“We think we learn from teachers, and we sometimes do. But the teachers are not always to be found in school or in great laboratories. Sometimes what we learn depends upon our own powers of insight.” – Loren Eisely (The Star Thrower, 1978

The other day, RW said to me, “You know, I never fail to learn something new when I get out of the office and talk to people in different businesses.”

He suggested a roundtable of CEOs — bringing together eight or 10 entrepreneurs from different but connected businesses to talk about what they do and how they are successful and to swap ideas about making money.

It’s a very good thought — one I recommend to you.

You’ve had the experience: You are at a trade show or seminar, away from the frenzy of the office, and someone says something. It’s often a random comment that’s unconnected to your business — but it gives you a great new idea.

We’ve said before that it’s not the brand-new ideas that make your business work as much as old ideas adapted to fit new needs. The trick to discovering them is to:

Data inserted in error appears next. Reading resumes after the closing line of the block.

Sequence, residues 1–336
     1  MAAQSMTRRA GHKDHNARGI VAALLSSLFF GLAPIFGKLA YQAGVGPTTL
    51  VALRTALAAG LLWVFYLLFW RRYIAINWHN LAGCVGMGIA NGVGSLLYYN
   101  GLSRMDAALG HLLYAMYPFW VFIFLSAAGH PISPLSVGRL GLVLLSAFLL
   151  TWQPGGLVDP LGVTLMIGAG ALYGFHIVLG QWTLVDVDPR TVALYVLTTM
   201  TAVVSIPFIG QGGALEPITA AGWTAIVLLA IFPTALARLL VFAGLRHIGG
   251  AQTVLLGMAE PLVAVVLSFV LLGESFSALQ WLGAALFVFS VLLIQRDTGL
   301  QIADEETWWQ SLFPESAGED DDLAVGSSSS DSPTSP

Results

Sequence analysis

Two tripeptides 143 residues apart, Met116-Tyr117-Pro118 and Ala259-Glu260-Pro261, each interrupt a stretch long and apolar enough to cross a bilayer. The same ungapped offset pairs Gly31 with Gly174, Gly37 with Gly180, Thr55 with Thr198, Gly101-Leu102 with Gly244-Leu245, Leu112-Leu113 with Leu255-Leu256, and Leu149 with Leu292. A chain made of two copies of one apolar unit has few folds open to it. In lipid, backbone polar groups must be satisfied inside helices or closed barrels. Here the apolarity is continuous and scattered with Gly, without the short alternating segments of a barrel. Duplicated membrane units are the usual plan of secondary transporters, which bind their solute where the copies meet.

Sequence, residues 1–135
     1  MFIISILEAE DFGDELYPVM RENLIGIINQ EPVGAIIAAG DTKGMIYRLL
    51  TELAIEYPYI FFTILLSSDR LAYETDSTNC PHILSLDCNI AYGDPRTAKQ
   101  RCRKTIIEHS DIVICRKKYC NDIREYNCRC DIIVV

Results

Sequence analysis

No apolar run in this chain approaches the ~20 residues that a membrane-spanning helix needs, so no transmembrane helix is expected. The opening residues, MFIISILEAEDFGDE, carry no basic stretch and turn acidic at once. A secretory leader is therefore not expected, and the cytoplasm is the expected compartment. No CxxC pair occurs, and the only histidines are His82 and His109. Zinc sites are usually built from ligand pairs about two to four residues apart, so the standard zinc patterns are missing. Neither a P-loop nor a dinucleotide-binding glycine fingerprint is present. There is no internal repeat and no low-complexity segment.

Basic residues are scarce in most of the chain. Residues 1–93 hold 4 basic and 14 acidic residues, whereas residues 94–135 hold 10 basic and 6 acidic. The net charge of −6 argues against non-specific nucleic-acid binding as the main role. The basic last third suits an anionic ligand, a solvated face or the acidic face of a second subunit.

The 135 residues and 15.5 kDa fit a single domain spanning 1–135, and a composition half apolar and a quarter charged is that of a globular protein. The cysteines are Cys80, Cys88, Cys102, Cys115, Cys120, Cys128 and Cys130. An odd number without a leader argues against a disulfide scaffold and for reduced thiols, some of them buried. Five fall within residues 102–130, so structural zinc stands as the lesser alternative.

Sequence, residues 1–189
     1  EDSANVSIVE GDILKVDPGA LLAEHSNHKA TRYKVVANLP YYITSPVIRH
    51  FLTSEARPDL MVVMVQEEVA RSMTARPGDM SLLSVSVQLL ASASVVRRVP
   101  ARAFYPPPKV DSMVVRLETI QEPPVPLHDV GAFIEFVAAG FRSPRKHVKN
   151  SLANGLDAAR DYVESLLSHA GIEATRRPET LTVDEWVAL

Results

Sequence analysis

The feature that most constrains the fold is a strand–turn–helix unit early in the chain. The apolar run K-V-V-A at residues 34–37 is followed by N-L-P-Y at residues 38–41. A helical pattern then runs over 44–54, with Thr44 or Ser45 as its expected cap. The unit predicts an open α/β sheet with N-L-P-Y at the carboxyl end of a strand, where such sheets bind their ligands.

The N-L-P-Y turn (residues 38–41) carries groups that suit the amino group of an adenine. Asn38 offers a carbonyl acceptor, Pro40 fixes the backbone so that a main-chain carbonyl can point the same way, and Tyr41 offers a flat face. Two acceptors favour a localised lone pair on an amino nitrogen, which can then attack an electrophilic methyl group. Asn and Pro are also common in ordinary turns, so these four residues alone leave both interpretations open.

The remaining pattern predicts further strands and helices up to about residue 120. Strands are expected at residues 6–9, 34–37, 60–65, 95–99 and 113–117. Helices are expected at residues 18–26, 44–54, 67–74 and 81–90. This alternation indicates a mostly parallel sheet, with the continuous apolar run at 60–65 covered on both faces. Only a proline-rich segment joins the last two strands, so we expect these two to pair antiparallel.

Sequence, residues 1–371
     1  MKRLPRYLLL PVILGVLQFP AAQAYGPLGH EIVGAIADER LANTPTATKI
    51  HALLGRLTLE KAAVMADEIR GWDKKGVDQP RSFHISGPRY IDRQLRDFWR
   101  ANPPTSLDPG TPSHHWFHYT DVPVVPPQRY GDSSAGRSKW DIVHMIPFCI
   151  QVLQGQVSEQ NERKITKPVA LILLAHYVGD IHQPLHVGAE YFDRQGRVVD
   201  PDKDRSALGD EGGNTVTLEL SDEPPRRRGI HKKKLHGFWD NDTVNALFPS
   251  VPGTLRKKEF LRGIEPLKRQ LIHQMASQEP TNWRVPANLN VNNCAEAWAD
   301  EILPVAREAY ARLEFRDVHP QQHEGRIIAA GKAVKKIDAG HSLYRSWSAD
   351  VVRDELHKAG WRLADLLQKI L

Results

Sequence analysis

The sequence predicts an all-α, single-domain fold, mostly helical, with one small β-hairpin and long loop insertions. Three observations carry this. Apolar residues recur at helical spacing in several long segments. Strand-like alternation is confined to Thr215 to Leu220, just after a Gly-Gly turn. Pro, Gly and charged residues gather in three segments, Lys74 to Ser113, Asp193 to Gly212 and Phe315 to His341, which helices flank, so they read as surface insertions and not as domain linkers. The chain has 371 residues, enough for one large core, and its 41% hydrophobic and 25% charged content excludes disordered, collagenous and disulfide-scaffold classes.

1. Get out of the office and into some generalized business environment several times a year. (It’s usually harder than it sounds.)

2. Seek out and question successful colleagues, competitors, and others — even if you don’t especially like them.

3. Be attentive to what they say. Sometimes, what seems like an innocuous comment can trigger a great idea if you listen hard — and think while you listen.

Action Plan: Start the ball rolling today. If you like the idea of an industry roundtable composed of related but unlike businesses, start with a list of possible attendees. Tomorrow, write a letter explaining the concept. The next day, send it to the names on your list. Suggest that if they like the idea, they too might make suggestions. Keep it on your task list. Get it done in the next six months.

If you don’t like that idea or can’t do it, the next-best thing would be to sign up for a trade show.

Today is Action Tuesday — so do it!

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